When the Okies left Oklahoma and moved to California, it raised the I.Q. of both states.

Will Rogers

In late 2019 the Oklahoma Department of Commerce started a campaign to convince California-based companies in Oklahoma’s key industry sectors to move to Oklahoma. Governor Stitt sent a letter to businesses within target markets, including Los Angeles and San Jose, particularly targeting those that manufacture smaller parts and firms with large demand for electricity. In 2020, billboards were put up in California to advertise that Oklahoma is business-friendly compared to California. While it’s true that Oklahoma is more business friendly than California, it falls short of other states, leaving significant work to be done.

Although many companies are leaving California, they are not moving in droves to Oklahoma. The deciding factors for companies moving, according to a new report by the Hoover Institution, are increased cost of business , decreased productivity, and profitability. Economic incentives do have a marginal effect on some businesses, and California provides enough corporate welfare to keep many from fleeing. Others, however, leave without a promise of economic incentives in their new locations. Common destinations for California businesses include Texas, because of their more business-friendly economy, and Nevada or Arizona because of their short flights (Las Vegas and Phoenix are around an hour from LA).

Compared to California’s hostile business environment Oklahoma seems downright inviting, but when compared to other alternatives it falls short. Oklahoma is not a short enough plane ride (The flight from OKC to LA is 2hrs., 38mins.), nor is it competitive with its southern neighbor on an economic basis. Oklahoma is currently the 28th best state for business (Texas is ranked 1st). This is most likely impacted by the relatively high level of taxation in Oklahoma for both businesses and individuals, which drastically increases the cost of doing business. Oklahoma also has a high cost of workers’ compensation, further increasing the cost of doing business, since each employee costs more to hire. A higher level of regulation can also be a deterrent for moving a business to Oklahoma.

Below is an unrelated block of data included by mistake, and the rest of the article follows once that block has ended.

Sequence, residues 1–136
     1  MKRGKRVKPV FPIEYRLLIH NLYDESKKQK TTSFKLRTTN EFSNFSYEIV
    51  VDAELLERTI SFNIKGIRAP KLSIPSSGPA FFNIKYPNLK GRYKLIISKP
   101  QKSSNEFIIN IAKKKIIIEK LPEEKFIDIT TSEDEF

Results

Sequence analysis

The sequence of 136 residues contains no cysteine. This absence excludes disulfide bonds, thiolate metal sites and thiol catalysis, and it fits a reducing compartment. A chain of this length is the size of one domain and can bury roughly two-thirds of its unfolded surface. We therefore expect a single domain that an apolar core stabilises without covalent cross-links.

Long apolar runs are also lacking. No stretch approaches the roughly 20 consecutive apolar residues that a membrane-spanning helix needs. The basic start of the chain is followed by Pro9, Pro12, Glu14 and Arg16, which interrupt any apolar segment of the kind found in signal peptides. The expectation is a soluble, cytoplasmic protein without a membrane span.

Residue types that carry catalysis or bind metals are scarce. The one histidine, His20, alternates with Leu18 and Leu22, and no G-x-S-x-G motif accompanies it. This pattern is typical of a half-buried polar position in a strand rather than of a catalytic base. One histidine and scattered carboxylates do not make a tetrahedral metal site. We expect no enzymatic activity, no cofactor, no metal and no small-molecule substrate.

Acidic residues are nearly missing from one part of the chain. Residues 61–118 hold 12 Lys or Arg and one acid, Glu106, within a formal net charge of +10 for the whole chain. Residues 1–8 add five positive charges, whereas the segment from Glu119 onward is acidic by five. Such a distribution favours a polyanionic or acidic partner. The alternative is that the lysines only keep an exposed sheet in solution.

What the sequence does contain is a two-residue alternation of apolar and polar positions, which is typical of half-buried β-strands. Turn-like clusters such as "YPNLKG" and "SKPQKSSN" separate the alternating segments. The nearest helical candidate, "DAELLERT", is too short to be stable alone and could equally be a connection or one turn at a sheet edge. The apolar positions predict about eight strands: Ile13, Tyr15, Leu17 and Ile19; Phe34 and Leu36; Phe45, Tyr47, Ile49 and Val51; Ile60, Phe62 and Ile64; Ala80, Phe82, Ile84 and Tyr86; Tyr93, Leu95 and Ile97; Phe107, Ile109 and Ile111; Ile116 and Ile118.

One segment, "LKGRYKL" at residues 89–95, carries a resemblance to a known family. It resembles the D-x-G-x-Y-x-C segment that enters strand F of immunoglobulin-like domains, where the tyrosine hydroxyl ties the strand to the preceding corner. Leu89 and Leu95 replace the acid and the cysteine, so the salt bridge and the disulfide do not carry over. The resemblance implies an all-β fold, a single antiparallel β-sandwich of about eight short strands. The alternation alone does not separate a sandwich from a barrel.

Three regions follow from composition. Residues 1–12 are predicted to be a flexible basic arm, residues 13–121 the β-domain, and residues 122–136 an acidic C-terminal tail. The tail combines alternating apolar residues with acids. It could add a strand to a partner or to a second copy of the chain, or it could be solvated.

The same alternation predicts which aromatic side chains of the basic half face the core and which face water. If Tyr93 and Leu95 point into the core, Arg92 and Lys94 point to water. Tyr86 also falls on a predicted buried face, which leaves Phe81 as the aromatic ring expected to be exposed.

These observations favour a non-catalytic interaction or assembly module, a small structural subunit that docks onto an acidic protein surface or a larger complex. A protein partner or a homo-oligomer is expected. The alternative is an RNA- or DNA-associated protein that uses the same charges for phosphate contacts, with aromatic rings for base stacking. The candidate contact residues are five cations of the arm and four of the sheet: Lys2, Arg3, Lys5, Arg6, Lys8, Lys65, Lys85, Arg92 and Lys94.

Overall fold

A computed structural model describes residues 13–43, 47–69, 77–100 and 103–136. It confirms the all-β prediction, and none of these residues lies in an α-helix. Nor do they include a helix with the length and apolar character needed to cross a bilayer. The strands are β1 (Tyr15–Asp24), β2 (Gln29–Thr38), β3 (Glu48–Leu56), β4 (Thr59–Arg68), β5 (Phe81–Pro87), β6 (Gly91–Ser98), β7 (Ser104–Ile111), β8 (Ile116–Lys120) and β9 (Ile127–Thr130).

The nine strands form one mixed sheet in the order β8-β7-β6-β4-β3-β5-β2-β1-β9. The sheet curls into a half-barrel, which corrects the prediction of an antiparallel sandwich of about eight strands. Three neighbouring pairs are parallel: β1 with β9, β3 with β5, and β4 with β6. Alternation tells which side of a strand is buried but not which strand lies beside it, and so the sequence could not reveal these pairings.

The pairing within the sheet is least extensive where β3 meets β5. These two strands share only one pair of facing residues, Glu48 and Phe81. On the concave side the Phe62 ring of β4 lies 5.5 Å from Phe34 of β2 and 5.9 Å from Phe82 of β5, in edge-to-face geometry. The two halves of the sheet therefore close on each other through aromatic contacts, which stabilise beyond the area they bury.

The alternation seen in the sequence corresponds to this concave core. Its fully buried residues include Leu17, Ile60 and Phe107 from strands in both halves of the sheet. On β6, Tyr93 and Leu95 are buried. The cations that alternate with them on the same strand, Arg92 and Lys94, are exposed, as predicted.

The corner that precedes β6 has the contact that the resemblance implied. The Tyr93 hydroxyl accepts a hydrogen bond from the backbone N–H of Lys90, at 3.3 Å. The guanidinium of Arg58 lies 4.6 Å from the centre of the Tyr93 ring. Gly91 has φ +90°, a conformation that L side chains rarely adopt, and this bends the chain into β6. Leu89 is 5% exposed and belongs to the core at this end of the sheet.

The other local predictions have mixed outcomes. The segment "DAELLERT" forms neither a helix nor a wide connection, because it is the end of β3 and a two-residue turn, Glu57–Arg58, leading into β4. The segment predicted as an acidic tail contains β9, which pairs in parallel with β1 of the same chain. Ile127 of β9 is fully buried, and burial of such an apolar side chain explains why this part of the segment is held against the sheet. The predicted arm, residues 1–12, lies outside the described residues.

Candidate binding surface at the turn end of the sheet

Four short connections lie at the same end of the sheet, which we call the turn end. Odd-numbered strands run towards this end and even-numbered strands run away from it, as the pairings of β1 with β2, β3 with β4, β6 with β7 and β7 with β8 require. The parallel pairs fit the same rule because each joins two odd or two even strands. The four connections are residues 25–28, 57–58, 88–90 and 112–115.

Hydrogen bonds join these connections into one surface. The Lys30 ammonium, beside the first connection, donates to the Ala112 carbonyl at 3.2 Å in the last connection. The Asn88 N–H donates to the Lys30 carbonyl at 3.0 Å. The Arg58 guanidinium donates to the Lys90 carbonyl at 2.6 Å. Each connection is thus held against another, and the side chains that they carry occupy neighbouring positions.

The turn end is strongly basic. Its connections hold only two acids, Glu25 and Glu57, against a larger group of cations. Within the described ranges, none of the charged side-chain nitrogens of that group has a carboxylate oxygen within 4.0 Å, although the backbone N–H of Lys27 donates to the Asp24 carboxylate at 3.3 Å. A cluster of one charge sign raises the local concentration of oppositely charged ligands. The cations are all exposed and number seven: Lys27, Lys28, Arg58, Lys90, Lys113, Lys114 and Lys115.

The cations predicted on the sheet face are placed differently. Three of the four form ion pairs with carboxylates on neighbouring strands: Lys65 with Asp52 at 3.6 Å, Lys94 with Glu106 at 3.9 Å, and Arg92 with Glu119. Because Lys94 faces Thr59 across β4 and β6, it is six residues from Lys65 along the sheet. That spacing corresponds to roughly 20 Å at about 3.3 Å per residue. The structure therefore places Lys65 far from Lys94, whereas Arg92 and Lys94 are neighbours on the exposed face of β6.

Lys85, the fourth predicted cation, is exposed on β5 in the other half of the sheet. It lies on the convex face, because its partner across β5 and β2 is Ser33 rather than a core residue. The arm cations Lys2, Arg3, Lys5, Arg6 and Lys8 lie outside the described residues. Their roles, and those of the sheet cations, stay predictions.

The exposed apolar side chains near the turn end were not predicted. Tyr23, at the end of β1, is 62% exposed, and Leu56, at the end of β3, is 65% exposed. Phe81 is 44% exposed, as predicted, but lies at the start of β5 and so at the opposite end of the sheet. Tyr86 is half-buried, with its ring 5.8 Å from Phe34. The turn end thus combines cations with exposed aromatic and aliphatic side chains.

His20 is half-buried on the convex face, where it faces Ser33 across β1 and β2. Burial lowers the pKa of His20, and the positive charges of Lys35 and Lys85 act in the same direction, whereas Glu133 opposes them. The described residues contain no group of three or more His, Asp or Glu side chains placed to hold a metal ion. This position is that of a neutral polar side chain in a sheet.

The economic incentives provided to the film industry in Oklahoma may have had some impact in moving a few companies from California, but cannot compare to subsidies California has. Oklahoma provides $30 million per year and California provides $330 million per year. The vastly lower amount provided by Oklahoma could not make a significant impact on the film industry of California. Oklahoma simply cannot outspend California, nor should it want to.

The Department of Commerce should not focus on attracting out-of-state companies to Oklahoma through corporate welfare, as this is expensive and often ends in failure. Instead, the focus should be on fostering the growth of Oklahoma’s economy. The lowering of taxes, reducing regulation, and cutting labor expenses will not only grow Oklahoma’s existing economy, but will also make it more attractive to California’s businesses. These changes would grow the state and provide a vibrant and robust economy for other businesses to move into. Having a company move from California to Oklahoma should not be viewed as better than the growth of an Oklahoma firm; the United States economy is not a zero-sum game where there is only so much economic prosperity. That is to say, if California’s economy is doing better, it does not hurt the Oklahoma economy. If the Oklahoma economy was truly business friendly, Californians would not need a billboard telling them so, their business would already be moving here.

Jason Lawter is Fiscal Policy Fellow at 1889 Institute. He can be reached at [email protected].

The opinions expressed in this blog are those of the author, and do not necessarily reflect the official position of 1889 Institute.